One group that seemed SUPER excited about it was black guys! Haha… I guess I could say African-Americans, but I saw several groups in Canada too, so I don’t even know what — is that African Canadian? Err… I’m not a journalist… so, I’ll just… dispense with all the labeling and let’s just say, err… well… groups of non-white-people that gathered on the street. This happened like eight times! They would get really excited and say things like, “Wow, that’s the Google Glass!!!!” “I gotta get me some of that!” “That looks TIGHT – how much is it!!” Haha it was great… I went over to talk to them all and they had so much fun with it. My guess is that more “white” people would have reacted like this too, but they are sometimes more reserved. Haha… man, I know… what a generalization, but I’m just telling you what happened to me.
So, let’s talk about China. Crickets. Man, they just would look at me curiously for a second and then turn their heads away. It was really interesting. Very few people came up to me, and they were usually younger (teens and twenties). But, mostly, they was just silent about it. I attribute some of it to not speaking English, but I think there was something larger going on.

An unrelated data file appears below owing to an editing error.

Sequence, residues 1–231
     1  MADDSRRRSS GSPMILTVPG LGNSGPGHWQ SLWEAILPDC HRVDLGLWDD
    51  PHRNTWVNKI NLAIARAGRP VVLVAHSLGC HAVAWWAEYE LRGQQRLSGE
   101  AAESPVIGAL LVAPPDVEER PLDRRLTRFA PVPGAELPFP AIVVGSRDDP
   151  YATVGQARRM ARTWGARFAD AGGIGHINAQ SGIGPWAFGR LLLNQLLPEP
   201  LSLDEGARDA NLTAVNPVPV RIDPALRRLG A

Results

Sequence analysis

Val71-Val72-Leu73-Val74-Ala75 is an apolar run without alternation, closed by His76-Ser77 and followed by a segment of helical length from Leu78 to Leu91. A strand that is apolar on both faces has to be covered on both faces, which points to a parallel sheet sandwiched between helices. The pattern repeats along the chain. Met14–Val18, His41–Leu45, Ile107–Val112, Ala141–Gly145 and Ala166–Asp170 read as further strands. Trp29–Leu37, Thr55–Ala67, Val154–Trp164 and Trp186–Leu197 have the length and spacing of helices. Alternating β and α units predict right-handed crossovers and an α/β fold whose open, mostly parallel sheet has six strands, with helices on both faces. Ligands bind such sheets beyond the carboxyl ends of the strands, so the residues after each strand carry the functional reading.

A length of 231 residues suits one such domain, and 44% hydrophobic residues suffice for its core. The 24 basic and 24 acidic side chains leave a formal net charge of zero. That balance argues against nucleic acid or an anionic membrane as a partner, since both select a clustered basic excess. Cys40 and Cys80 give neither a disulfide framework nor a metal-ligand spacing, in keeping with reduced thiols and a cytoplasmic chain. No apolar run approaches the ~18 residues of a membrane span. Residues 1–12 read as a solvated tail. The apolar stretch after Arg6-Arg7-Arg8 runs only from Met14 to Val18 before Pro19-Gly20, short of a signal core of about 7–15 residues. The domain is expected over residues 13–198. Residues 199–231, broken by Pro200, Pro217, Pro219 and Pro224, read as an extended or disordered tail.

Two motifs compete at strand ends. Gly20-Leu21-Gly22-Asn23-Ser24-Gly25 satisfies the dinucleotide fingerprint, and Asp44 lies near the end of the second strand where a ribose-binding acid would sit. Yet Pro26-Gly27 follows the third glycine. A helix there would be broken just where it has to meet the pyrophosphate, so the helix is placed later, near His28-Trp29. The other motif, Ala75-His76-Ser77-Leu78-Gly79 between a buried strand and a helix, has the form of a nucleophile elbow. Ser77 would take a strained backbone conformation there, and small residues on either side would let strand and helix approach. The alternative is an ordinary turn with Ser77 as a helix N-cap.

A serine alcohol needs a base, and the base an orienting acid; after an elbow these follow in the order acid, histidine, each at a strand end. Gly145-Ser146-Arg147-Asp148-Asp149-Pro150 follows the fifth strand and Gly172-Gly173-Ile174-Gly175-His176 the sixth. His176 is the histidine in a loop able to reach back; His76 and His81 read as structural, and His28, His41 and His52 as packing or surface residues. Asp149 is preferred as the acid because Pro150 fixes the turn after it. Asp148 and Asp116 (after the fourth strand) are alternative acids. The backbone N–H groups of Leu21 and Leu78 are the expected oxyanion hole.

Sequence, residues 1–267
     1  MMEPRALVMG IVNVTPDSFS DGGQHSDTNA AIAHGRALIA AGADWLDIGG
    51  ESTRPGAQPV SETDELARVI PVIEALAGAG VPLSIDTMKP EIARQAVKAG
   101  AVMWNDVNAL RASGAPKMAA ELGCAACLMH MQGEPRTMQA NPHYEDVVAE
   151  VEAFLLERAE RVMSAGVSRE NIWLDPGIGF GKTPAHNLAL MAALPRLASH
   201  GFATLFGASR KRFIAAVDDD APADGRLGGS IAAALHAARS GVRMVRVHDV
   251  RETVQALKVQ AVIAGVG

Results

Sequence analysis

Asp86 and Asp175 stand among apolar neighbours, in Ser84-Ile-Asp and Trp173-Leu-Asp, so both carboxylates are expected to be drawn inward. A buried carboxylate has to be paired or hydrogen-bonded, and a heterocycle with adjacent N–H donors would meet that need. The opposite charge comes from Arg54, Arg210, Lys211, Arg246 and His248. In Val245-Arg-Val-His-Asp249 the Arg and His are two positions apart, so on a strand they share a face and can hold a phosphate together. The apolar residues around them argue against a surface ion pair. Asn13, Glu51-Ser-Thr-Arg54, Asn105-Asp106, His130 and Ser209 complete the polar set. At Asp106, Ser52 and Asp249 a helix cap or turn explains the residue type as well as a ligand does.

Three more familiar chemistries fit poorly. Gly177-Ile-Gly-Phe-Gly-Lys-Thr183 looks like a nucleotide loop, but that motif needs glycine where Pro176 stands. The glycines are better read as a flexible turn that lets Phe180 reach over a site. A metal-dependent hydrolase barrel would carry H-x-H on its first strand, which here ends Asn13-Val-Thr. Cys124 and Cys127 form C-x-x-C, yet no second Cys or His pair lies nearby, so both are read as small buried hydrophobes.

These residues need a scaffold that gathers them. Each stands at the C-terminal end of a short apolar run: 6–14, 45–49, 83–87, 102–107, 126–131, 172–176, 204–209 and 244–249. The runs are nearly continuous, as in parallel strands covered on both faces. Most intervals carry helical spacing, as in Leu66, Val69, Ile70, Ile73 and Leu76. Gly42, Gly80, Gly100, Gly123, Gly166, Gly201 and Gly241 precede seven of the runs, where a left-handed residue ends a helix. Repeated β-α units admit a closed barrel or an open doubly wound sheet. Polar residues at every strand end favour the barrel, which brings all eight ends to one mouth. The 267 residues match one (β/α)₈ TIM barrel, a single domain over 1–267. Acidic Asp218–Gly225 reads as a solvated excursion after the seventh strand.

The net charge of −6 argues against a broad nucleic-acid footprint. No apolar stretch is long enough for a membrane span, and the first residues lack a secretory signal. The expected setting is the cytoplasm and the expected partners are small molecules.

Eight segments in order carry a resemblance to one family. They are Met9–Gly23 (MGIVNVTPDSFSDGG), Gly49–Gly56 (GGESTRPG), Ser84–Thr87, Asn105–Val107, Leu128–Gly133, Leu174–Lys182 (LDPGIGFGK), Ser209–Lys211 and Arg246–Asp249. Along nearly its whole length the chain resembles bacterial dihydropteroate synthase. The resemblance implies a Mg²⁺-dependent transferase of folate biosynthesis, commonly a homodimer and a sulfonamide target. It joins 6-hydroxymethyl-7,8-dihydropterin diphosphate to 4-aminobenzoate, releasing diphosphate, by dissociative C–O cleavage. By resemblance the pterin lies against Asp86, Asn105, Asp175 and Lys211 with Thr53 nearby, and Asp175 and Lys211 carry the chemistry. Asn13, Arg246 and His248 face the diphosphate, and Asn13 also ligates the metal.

It may be a combination of vestigial communist cultural reactions to strangers and general “out-of-the-box-shock” at seeing the Glass. Now, the Chinese are as technophilic as their Western counterparts. They are iPhone and iPad crazy! You go into any Starbucks, and upwardly mobile and middle-class people fill every seat and stare at their iPhones. Apple did a great job of marketing there, and the “lifestyle” of a high-end tech user is quite aspirational. It’s a wonderful sign of wealth and upward mobility, which is very important in their new money-driven culture.
Glass shot: A boy watches his girlfriend prancing and dancing in the street.
There is something still broken in the Chinese culture, I’m afraid. It’s the cultural idea of innovation and design. It does indeed exist in pockets (I met many people with tech startups, Google, Youku, and many other places that are mega-techy and doing awesome stuff) , but, generally, there is not a cultural “worship” of technology innovation like there is in the West. For that reason, I think we’ll continue to see the “bigger” ideas (that are well executed!) like Glass and others come from the West. I had lunch with Kevin Kelly, who spends even more time studying the Chinese culture. He recently visited several dorm rooms all over the country and saw that they had very few (or often, none) aspirations beyond making money. He said there were no posters on the wall, and when he asked them who their “heroes” are, they could not give any answers. It’s strange indeed, and may point to a larger cultural issue. I hope Kevin writes a book about it!